The Affordable Care Act, aka Obamacare, has been a failure. It was supposed to have about 25 million people enrolled in its exchanges by now, but enrollment has been stuck at about 10 million people since 2015.
This is in large part because Obamacare specifically outlawed more modest insurance plans and, consequently, priced many people out of the insurance market. Premiums and deductibles in the individual insurance market are high, and the plan includes fewer providers than employer-sponsored insurance plans.
Enrollment is, not surprisingly, concentrated among lower-income people who receive large subsidies from taxpayers that cover most or all of the costs.
In short, the program has failed in its goal of insuring more people, and taxpayers are paying for a pretty significant portion of the costs of those who are insured.
Despite this, congressional Democrats refuse to admit defeat and, as part of the American Rescue Plan, increased the size and scope of the subsidies for insurance coverage. There’s a twist this time — always seeking to expand the number of people dependent on the government, congressional Democrats designed the new subsidies so that most of the new spending goes to those who already have health insurance coverage.
That’s right, the new subsidies help wealthy Americans more than those with low incomes. Households making above 400% of the federal poverty line (about $110,000) benefit far more from these new subsidies than those earning near the poverty line (many of whom already have taxpayer-subsidized health insurance).
The subsidy is also designed so that the more you spend on health insurance, the more money you get from the taxpayers. Because older Americans tend to use more health insurance, the richer and older Americans get more taxpayer money than younger and poorer Americans.
In short, it is an extremely regressive program that transfers taxpayer money to the rich and exacerbates income inequality. It also shifts the cost of private insurance to taxpayers, which means more federal spending now and in the future.
Those who own or work in a small business or those with lower-income and older workforces also lose, because those companies now have incentives to stop offering group insurance. The uninsured also lose. About 75% of the $34 billion we will spend on the tax credit over two years will be spent on people who already have health insurance, rather than on the uninsured.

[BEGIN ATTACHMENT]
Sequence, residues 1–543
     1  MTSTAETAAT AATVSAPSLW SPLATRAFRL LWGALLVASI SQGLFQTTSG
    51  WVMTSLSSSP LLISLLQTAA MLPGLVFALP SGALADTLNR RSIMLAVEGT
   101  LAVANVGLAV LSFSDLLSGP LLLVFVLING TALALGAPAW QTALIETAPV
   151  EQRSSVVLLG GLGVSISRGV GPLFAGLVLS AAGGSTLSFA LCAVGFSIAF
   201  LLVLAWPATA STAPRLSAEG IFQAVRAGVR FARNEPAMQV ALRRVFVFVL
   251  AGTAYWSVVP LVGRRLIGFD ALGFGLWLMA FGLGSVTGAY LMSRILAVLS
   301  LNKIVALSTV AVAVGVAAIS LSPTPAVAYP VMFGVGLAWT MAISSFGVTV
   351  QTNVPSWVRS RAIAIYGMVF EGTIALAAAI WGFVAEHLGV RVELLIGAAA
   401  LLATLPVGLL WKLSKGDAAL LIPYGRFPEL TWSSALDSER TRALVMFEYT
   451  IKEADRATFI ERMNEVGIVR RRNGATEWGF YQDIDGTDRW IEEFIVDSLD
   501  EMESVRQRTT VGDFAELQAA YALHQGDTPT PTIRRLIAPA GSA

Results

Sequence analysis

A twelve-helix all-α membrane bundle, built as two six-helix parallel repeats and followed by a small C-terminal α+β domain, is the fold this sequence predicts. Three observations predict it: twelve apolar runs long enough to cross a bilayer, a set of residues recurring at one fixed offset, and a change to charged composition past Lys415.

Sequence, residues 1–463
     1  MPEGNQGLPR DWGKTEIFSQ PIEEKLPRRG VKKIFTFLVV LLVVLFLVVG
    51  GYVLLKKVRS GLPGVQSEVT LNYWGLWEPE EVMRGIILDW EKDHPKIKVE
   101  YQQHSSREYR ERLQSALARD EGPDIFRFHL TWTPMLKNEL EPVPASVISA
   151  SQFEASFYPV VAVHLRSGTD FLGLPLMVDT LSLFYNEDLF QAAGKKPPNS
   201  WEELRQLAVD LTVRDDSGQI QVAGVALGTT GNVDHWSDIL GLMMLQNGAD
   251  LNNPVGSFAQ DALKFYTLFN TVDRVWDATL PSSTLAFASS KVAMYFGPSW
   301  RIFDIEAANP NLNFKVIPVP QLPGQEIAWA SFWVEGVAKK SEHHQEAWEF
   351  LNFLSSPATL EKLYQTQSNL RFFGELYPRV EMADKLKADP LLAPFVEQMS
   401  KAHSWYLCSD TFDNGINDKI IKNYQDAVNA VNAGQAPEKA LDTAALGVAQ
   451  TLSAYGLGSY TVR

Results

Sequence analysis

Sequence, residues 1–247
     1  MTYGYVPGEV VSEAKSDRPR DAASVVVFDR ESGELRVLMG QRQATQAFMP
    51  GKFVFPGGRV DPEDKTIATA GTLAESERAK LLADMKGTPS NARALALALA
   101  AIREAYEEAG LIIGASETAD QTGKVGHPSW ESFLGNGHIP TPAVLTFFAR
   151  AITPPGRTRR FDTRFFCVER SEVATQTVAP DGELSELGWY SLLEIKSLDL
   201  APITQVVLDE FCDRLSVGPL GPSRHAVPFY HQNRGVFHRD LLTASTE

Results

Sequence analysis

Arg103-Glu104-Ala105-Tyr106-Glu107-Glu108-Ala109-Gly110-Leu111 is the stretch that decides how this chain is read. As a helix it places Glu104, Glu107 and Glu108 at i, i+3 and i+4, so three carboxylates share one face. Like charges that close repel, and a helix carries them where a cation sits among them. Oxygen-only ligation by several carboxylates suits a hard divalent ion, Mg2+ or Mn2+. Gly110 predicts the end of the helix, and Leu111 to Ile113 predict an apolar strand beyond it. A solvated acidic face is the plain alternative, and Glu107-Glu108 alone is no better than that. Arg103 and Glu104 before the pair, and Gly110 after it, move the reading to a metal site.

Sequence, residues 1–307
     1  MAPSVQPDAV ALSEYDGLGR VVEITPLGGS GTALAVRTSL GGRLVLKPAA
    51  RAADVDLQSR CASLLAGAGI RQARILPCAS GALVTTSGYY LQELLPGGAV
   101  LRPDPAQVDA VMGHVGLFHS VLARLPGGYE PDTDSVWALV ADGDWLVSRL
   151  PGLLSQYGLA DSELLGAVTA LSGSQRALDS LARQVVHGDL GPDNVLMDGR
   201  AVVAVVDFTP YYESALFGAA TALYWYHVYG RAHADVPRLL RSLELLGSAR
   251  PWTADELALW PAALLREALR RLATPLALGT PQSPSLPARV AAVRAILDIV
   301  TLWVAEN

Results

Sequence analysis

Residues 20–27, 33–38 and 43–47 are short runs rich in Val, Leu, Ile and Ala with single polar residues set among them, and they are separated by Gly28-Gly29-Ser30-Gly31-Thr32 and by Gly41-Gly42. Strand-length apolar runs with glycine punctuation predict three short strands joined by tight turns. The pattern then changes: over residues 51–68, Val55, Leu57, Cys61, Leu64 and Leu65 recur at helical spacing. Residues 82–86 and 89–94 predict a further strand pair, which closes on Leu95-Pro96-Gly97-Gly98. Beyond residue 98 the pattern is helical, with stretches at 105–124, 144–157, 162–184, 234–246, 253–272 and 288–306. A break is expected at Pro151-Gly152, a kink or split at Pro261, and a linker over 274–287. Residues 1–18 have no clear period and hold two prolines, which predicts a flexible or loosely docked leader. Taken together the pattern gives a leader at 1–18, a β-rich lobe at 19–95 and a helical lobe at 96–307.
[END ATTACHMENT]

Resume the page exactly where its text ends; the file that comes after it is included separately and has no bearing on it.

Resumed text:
Who could be in favor of this mess?
You’ll be amazed to learn that the insurance companies are in favor of getting their hands on a steady stream of cash from the federal government. Those who want to impose government-run health care are also big fans — the obvious purpose of the program is to move ultimately toward a government-run health care system.
Free money from the federal government is almost impossible to stop once it starts, so it should come as no surprise that Senate Democrats want to extend these subsidies for the well-off in budget reconciliation. They have to: Republicans, for reasons good and obvious, refuse to play along with the idea of subsidizing insurance premiums for rich folks.
That, coupled with the likelihood that the Republicans will control at least the House within seven months, means that the reconciliation currently hung up in the Senate is the last chance the Democrats will have to extend these subsidies before they expire.
Reconciliation, as you may remember, started off as a fairly impressive list of progressive priorities. In a perfect microcosm of what has happened to the Democratic Party in the last 30 years, it has now been reduced to a vehicle to ship even more cash to the upper-middle class.
The story has one final, terrible twist. One of the revenue raisers that Democratic Sen. Joe Manchin III of West Virginia keeps talking about to pay for this is “drug pricing reform,” which really means “government price controls.” Federal bureaucrats would set the prices for the lifesaving and life-improving drugs that almost all of us need or will need.
What do you figure the outcome of that will be?
If you guessed fewer new drugs, more premature deaths and more suffering, go to the front of the class. In a recent report, economists at the University of Chicago concluded that “drug pricing reform” would reduce research and development spending on drugs by $663 billion through 2039, or about 19%. That means that 135 fewer new drugs would be available to doctors and patients.
This lack of lifesaving drugs would result in a loss of 331.5 million life years in the U.S. — a reduction in life spans about 30 times greater than COVID-19 as of the end of 2021.
That’s a lot of premature deaths — and a lot of avoidable suffering — just so a few rich people can have health insurance subsidies and so congressional Democrats can creep closer to complete government control of health care.
• Michael McKenna, a columnist for The Washington Times, is the president of MWR Strategies. He was most recently a deputy assistant to the president and deputy director of the Office of Legislative Affairs at the White House.